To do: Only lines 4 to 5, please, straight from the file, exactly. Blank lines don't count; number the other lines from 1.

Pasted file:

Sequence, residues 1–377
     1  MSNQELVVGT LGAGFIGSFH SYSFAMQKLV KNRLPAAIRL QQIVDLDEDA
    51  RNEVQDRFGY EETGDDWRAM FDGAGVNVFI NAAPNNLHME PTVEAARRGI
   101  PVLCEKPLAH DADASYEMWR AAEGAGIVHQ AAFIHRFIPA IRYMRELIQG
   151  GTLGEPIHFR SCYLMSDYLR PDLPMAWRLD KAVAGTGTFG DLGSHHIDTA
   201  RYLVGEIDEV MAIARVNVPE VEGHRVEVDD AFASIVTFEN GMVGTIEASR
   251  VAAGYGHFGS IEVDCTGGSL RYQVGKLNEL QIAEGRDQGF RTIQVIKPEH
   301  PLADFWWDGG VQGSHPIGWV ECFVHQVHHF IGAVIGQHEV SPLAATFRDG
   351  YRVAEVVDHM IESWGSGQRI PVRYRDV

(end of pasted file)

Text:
   101  PVLCEKPLAH DADASYEMWR AAEGAGIVHQ AAFIHRFIPA IRYMRELIQG
   151  GTLGEPIHFR SCYLMSDYLR PDLPMAWRLD KAVAGTGTFG DLGSHHIDTA